Authors: Marliese Truter, Anja Erasmus, Kerry Malherbe, Nico J Smit
Water Research Group (WRG)
Aquatic biodiversity of South Africa
Did you know that South Africa is a megadiverse country that hosts a range of exceptionally diverse and endemic organisms? Despite having this diverse and unique biodiversity, the most recent National Biodiversity Assessment (NBA) concluded that South Africa’s freshwater ecosystems are in a poor ecological condition compared to other ecosystems, and that South Africa’s freshwater biodiversity is at a higher risk of extinction compared to its terrestrial or marine counterparts. Of greater concern is that our ±118 freshwater fish species are the most threatened of all the species groups (i.e., plants, reptiles, birds, mammals, amphibians, dragonflies and butterflies) that have been fully assessed. At least 50% of these freshwater fishes are endemic and have an endangered conservation status, highlighting the need for an action plan toward their conservation and protection. Their conservation has however been impeded through incomplete distribution data, outdated data and taxonomic bias, and it is also predicted that freshwater fishes, along with other aquatic fauna will experience an accelerated decline in the near future due to rapid human population growth, climate change, and the concomitant increase in human demand for water.
The NWU REFRESH parasite team with CapeNature collaborators. Left to Right: Dr Marliese Truter, Dr Iva Přikrylová, Linda van der Spuy, Rudolf Gouws, Martine Jordaan and Jeanne Gouws.
The Water Research Group (WRG) members, Prof Nico Smit, Prof Kerry Malherbe, Dr Marliese Truter and Dr Anja Erasmus form part of a group of more than 40 co-investigators taking part in REFRESH, a Foundational Biodiversity Information Programme (FBIP) Large Project. This project aims to contribute to information that will inform species conservation in South Africa. The team’s main focus is on freshwater fish parasites that live in and on the freshwater fishes of all conservation statuses in South Africa.
Some of the fish species screened for parasites.
Different developmental stages of the unique gill fluke (Monogenea) belonging to the genus Paradiplozoon.
They aim to develop a complete database of historic, as well as newly collected data across six selected National Freshwater Ecosystem Priority Areas (NFEPAs). This will be achieved by incorporating classical methods for parasitological study and using the approach of a new subdiscipline, the historical ecology of parasitism (see Wood et al. 2023) to contribute to a strategic conservation criterion (see Carlson et al. 2020) for parasitic species. To date, this concept has been excluded from South Africa’s NBA, as well as The International Union for Conservation of Natures Red List of Threatened Species (IUCN Red List) (see Kwak et al. 2020) that serves as a critical indicator of the health of the world’s biodiversity. Although the presence of parasites in an ecosystem is well known, their contribution to the biodiversity, function and connectivity between trophic levels in ecosystems have in the past been greatly neglected and underestimated (see Dunne et al. 2013). The present research will contribute to increased knowledge of our native freshwater fish parasite fauna, how translocation of extralimital and invasive species contribute to parasite movement, how parasites as specialist and generalist species of their host can be used as a conservation tool for their hosts (see Dougherty et al. 2015), and how to efficiently manage South Africa’s freshwater resources (fishes) through knowledge on their associated biodiversity, role, and function.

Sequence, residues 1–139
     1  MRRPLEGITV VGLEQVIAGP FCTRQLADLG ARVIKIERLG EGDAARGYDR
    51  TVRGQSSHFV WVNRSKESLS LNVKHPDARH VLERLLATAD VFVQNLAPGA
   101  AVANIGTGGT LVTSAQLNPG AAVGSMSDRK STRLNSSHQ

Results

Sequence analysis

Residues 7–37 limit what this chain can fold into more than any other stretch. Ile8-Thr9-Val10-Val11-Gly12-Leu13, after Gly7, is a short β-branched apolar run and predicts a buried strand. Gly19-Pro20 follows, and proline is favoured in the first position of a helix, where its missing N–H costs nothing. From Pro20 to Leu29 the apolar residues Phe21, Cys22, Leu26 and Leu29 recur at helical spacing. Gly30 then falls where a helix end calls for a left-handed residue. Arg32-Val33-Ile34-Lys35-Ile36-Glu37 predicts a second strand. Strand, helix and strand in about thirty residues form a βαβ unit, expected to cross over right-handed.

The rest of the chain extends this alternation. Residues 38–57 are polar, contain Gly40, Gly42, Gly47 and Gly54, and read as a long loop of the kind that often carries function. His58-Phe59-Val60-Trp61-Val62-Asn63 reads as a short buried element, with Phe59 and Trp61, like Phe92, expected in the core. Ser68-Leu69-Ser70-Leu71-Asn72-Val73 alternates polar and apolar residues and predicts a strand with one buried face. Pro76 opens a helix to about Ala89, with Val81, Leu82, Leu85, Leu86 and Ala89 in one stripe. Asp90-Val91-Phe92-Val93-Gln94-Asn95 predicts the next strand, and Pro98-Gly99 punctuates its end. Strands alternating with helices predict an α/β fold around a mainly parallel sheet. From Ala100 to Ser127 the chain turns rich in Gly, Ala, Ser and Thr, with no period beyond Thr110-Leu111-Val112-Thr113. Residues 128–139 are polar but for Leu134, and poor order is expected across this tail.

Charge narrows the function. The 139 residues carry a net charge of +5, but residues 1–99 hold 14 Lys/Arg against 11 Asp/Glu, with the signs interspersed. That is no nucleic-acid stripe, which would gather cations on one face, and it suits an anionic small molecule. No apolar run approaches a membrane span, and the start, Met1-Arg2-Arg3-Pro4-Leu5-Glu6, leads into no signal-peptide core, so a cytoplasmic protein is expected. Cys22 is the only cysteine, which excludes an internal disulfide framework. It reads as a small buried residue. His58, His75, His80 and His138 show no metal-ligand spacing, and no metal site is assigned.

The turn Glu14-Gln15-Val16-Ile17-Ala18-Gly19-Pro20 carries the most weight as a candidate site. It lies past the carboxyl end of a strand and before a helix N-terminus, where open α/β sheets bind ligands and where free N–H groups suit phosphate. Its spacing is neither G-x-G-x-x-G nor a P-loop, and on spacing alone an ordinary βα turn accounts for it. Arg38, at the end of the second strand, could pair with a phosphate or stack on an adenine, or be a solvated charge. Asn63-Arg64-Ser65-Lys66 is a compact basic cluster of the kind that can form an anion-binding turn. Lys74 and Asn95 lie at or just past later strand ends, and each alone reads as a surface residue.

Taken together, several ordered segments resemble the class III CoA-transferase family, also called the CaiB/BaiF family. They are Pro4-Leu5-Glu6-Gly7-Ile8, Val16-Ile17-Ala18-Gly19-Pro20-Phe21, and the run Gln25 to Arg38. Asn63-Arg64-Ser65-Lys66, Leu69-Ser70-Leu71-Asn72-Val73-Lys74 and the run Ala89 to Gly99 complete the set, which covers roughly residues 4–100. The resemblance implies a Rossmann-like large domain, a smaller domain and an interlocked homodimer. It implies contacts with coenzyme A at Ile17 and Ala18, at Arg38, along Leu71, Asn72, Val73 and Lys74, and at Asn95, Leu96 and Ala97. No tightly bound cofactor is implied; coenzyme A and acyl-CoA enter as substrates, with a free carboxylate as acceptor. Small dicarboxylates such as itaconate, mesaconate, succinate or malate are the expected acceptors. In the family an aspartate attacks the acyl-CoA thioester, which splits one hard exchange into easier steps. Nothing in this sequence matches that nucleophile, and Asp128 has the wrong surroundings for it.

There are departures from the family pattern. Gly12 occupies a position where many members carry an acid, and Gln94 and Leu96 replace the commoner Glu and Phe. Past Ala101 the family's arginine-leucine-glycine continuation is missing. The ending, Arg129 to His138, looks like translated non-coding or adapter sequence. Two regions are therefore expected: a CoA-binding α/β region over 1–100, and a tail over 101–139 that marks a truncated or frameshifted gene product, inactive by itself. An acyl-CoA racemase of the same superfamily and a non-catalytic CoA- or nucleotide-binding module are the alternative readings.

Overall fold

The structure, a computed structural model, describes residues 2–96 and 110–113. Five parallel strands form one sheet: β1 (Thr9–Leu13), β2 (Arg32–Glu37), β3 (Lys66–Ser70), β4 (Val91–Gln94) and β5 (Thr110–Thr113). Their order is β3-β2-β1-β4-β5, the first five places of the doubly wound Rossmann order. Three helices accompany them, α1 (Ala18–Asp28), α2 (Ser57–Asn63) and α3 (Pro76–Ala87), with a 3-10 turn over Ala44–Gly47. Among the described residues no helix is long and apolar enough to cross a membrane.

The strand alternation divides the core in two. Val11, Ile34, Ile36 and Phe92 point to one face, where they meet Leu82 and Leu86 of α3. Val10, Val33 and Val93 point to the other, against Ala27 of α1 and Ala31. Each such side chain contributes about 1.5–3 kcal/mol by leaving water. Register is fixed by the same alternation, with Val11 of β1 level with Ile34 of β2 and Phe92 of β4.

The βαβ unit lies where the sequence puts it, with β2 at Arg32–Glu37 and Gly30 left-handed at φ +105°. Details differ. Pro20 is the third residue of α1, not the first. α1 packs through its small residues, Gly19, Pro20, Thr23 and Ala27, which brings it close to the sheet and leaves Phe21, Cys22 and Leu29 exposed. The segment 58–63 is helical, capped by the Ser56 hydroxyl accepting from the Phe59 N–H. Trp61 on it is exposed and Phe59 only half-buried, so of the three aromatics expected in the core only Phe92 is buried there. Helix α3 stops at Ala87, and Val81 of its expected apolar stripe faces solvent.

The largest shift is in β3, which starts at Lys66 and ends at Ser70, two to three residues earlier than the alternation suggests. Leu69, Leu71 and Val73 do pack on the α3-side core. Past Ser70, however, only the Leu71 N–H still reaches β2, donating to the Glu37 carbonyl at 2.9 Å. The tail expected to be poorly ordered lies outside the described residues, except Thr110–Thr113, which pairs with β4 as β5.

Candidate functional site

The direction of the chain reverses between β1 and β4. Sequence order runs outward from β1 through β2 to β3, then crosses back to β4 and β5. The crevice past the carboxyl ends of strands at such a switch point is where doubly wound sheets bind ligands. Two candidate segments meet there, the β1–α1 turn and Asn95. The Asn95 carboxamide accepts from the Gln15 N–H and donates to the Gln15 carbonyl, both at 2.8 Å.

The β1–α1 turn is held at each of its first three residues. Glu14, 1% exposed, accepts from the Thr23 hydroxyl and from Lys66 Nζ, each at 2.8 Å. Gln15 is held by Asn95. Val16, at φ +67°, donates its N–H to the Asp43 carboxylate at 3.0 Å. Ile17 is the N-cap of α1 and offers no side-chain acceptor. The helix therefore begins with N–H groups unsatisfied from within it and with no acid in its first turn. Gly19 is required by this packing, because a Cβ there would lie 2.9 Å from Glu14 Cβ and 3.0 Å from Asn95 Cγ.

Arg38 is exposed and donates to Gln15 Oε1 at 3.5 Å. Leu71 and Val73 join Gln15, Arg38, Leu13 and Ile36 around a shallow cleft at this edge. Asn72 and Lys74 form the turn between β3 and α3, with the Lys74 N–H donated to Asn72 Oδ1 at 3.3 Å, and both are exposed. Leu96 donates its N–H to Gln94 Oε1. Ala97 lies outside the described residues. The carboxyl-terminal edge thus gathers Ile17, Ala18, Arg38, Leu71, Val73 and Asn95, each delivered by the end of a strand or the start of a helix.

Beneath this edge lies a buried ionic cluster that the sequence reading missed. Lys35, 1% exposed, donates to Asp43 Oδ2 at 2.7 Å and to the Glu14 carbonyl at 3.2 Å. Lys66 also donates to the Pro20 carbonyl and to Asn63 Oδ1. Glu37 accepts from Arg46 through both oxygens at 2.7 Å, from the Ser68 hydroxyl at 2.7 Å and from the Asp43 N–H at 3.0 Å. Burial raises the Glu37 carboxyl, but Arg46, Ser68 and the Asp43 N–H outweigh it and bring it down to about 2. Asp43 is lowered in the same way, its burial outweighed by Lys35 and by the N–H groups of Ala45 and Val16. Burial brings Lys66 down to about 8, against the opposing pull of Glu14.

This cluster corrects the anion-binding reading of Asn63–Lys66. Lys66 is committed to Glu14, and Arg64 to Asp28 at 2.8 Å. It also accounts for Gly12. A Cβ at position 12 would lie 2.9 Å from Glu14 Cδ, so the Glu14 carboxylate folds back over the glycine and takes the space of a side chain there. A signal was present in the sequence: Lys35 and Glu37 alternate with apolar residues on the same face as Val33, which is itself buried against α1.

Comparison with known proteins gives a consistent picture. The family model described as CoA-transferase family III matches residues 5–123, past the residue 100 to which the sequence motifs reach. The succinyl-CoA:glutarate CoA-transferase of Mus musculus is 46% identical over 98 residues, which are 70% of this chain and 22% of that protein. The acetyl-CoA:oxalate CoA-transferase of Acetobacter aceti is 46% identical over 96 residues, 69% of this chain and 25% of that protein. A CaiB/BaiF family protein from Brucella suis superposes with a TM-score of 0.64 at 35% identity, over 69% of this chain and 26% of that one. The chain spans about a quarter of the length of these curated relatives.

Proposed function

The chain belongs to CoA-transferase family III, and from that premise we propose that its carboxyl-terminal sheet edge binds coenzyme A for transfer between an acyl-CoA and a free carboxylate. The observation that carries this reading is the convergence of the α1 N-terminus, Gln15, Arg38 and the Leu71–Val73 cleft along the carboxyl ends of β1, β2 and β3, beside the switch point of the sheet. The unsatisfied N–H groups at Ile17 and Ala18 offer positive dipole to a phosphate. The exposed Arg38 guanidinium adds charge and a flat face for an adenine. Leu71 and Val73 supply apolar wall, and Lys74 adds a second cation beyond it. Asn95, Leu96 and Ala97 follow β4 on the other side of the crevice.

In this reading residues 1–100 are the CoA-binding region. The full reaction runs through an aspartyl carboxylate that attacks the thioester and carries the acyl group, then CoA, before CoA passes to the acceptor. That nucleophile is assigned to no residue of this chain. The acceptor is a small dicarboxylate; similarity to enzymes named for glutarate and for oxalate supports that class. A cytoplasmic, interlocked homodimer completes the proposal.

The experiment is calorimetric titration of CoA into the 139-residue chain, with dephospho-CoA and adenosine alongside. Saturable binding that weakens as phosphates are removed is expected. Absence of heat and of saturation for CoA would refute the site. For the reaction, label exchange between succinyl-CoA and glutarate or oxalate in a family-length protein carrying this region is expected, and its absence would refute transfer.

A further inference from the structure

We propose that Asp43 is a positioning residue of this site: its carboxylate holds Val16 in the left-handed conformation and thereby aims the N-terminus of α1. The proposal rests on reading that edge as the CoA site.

Electrofishing for smaller fish species moving toward shallow and fast-flowing river stretches.
Hard at work behind the microscopes.
The 2022 milestone for the WRG was its first dedicated trip in collaboration with CapeNature to investigate freshwater fish parasite diversity in the Olifants-Doorn River system. This water management area is situated in the Cape Fold (Western Cape), where the majority of South Africa’s endemic and threatened (28 species) freshwater fish species occur. Historically, almost no parasitological data has been collected on the natural fish populations of this ecoregion and a mere three parasitic species records exist from endemic fish that are on the brink of localised extinction. During this fieldwork, representatives of the Monogenea (gill flukes, n = 4); Digenea (flukes, n = 2); Cestoda (tapeworms, n = 1); Nematoda (roundworms, n = 10); Acanthocephala (spiny-headed worms, n = 1); Copepoda (crustaceans, n = 1) and Protista (ciliates, n = 2) were found parasitising eight endemic freshwater fish species, all which are new to the known parasitological fauna of South Africa.
Acanthocephalan (spiny-headed worm) and a closer look at its attachment hooks (top left insert).